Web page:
Comparative critical thinking in contemporary Brazil

Comparative critical thinking in contemporary Brazil[1]

Rogério Lima[*]

[*] Universidade de Brasília (UnB), ORCID 0000-0002-9481-6611


Um breve exame de alguns aspectos da ABRALIC e da crítica comparativa praticada no Brasil.

Palavras-chave: Crítica comparativa brasileira. ABRALIC. Literatura Comparada.


A brief examination of some important aspects of ABRALIC and comparative criticism as practiced in Brazil.

Keywords: Brazilian comparative criticism. ABRALIC. Comparative literature.



It is with great pleasure that I am back here at UCLA and in the city of Los Angeles. It is an honor for me to be here today taking part in the Annual Congress of the American Comparative Literature Association representing ABRALIC (The Brazilian Comparative Literature Association). Initially I would like to thank the ACLA’s president, Professor Emily Apter, the vice-presidents David Palumbo-Liu and Wail Hassan, the other colleagues on ACLA’s board, and their associates for the invitation to participate in this panel on the theme of ABRALIC and Comparative Literature studies in Brazil.

I would also like to say that it is an honor to be on this panel with two professors who played a direct role in my education in literary studies: Professor José Luís Jobim and Professor Sandra Nitrini.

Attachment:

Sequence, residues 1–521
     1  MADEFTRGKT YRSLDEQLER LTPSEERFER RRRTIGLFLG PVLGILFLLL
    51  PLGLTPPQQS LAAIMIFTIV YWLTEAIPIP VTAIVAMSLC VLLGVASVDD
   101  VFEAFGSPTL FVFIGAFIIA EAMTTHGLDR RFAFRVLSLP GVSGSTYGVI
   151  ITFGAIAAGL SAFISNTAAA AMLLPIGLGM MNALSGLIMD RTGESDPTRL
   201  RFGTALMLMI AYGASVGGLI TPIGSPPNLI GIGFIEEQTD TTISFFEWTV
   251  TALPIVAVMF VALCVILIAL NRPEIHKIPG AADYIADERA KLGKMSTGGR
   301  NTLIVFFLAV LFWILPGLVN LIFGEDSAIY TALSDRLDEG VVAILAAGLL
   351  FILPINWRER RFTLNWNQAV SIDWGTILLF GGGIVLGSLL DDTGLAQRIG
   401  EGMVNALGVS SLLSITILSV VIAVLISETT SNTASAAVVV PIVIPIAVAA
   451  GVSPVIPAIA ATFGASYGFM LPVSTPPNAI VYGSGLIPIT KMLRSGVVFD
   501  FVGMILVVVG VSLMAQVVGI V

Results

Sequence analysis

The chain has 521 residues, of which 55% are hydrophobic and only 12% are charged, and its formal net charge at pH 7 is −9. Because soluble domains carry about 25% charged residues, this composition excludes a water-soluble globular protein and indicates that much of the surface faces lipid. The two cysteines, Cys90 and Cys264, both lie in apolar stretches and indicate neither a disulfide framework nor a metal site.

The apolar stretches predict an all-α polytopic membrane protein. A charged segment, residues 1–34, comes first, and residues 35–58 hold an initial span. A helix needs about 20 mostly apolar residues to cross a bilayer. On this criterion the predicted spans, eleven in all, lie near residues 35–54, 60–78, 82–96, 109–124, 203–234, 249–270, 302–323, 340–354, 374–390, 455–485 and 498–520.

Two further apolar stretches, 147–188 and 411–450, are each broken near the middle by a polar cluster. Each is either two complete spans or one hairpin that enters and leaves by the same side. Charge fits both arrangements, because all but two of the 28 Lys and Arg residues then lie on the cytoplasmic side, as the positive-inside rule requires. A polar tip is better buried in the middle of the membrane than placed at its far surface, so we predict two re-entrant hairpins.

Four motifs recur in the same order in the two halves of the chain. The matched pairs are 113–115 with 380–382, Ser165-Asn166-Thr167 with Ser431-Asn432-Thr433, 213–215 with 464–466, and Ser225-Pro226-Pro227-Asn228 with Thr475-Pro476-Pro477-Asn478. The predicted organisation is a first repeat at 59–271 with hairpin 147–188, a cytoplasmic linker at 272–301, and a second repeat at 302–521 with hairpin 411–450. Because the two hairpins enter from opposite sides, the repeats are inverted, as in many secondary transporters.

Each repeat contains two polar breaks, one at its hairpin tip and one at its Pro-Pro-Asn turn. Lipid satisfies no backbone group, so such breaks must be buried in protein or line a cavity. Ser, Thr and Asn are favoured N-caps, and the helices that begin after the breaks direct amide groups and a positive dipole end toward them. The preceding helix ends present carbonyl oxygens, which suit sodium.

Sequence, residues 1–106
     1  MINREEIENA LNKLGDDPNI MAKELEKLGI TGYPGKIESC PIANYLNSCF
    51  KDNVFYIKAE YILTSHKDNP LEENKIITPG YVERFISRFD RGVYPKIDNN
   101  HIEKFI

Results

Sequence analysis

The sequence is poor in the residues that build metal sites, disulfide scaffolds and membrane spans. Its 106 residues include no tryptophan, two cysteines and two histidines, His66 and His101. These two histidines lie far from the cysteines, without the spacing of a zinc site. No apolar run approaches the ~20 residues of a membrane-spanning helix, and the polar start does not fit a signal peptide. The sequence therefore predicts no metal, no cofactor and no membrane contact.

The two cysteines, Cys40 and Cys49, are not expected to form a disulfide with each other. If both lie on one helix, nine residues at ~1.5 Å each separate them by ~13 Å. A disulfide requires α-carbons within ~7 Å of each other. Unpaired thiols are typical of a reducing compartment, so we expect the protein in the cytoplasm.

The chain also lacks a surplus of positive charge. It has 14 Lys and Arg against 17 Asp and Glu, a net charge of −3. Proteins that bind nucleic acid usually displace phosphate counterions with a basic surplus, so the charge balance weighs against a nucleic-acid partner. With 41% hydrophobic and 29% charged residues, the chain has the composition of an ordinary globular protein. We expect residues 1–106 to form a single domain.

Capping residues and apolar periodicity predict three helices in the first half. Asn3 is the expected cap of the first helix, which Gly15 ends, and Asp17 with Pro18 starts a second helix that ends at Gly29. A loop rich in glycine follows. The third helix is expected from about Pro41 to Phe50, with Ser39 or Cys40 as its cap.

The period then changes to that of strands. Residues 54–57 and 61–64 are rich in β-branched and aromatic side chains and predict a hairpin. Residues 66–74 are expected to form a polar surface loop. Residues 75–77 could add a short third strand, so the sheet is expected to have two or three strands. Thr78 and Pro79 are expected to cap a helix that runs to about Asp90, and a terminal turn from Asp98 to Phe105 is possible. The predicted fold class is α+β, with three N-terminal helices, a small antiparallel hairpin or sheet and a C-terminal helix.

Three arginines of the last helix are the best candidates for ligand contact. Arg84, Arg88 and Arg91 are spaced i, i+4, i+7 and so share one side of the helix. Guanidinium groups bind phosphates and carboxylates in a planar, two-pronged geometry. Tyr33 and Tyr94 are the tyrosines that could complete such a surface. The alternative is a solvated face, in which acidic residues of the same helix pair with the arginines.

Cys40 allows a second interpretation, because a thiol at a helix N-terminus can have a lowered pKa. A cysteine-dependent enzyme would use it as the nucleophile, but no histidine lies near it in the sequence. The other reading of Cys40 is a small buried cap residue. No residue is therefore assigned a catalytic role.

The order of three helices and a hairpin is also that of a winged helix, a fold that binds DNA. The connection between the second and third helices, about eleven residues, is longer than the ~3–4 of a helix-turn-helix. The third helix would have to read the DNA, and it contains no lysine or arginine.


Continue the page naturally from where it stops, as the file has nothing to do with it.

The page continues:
In this presentation, I will deal briefly with some aspects of how ABRALIC operates and will try to trace a quick overview of possible approaches in the field of Comparative Literature, as adopted by researchers in the area of Languages and Literatures in Brazil.

The founding principle of ABRALIC was to promote comparative studies in Brazil; and our participation in the ACLA congress is part of our plan to strengthen and integrate the presence of ABRALIC in international Comparative Literature forums, with the aim of promoting ABRALIC’s Institutional Internationalization, creating closer links to partner institutions abroad.

It is also our objective, as members of ABRALIC’s executive board, to collaborate and participate in the development of comparative literary studies, seeking to interact with Comparative Literature research centers in the three Americas, the Caribbean, Africa, Asia, Europe and the Middle East.

We took over the leadership of ABRALIC after comparative paradigms experienced significant changes, after they had been developed as a result of these changes, and also after comparative criticism had considerably expanded. Identifying with current comparative critical thinking, we understand that the crossing of the borders between languages is still essential for comparative literature.